Single and two-point statistics of turbulence and tree-sway measurements
Jonathan J. Furst, East Carolina University, Greenville, NC; and H. B. Su
Exchange processes of heat, water vapor and greenhouse gases between forests and the overlying atmosphere are driven primarily by turbulence in the canopy roughness sublayer (CRSL). Honami (cereal waves) is an observed phenomenon signifying organization of gusts in plant canopies on windy days. These large coherent gusts dominate turbulence dynamics in plant canopies. Previous studies over short crops confirm there is a mutual relationship between plant motions and turbulence gusts, and the movements of plant stalks have significant impacts on CRSL turbulence. However, group tree-sway has not been formally considered in most CRSL turbulence models of forest-atmosphere exchanges. In addition, forest structure, morphology, and the aeroelasticity of trees are significantly different from short crops.
Results presented here are based upon simultaneous measurements of a large array of tree-sway motions and CRSL turbulence in the summer of 2009 at an AmeriFlux forest site in Howland, ME. One overall goal of this unprecedented field experiment is to quantify the spatial and temporal characteristics between CRSL coherent gusts and group tree-sway. Preliminary analyses indicate patterns of tree sway movement highly correlate with CRSL coherent gusts. Time series and integral time scales show tree sway and turbulence gusts are on the same order of magnitude (~ 1 min). In addition, there is an identifiable spatial pattern to gust-driven tree-sway, which indicates group tree-sway patterns may be used to delineate the spatial and temporal characteristics of coherent gusts. Single-point and two-point statistics of both tree sway and turbulence measurements (10 Hz) are analyzed under a range of atmospheric conditions (stability, wind direction, wind speed). These results are compared with previous observations of honami over short crops.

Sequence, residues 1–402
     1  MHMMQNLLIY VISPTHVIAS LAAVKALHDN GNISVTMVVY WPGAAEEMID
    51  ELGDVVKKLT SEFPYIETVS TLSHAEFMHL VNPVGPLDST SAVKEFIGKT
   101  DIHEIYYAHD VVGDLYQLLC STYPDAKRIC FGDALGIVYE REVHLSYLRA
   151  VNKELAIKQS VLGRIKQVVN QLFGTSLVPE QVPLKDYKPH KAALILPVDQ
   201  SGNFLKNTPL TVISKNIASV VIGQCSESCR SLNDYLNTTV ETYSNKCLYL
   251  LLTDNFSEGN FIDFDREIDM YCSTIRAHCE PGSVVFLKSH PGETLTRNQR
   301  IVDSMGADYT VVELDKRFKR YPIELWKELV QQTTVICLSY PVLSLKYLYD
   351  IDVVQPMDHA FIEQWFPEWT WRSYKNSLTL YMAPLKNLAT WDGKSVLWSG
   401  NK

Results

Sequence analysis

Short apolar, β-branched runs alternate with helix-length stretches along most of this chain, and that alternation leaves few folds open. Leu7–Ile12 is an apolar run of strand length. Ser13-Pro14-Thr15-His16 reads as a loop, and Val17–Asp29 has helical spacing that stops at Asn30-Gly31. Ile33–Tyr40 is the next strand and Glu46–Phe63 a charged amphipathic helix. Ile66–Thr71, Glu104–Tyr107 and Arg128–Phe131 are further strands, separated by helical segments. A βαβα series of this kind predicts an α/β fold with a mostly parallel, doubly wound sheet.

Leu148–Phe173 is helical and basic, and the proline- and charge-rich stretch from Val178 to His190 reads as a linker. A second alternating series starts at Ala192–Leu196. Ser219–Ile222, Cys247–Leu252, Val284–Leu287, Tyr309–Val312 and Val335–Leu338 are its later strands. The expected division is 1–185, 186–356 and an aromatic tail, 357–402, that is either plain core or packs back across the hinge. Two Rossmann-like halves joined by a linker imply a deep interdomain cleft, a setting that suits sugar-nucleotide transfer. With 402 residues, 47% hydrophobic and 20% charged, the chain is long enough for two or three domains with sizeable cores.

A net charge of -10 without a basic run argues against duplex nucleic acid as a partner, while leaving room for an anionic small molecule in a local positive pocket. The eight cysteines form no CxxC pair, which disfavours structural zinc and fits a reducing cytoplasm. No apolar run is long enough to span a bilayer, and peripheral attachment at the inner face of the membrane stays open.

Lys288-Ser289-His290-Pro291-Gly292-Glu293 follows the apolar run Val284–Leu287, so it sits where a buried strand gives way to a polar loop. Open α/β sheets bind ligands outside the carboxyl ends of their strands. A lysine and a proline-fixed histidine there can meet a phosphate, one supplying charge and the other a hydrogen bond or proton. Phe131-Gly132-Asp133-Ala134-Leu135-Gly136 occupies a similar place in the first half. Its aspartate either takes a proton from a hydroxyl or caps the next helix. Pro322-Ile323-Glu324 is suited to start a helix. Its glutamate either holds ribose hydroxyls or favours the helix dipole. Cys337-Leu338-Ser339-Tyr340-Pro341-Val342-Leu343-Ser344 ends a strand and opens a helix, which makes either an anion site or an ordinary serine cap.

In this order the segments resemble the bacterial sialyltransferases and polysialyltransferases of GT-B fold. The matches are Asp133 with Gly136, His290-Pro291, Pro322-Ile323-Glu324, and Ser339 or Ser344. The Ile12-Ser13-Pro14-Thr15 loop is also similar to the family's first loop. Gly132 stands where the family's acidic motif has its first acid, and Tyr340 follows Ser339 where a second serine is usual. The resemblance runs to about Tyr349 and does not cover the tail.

Joint Poster Session 1, Boundary Layers Over Canopies and Heterogeneous Terrain
Monday, 2 August 2010, 6:00 PM-7:30 PM, Castle Peak Ballroom
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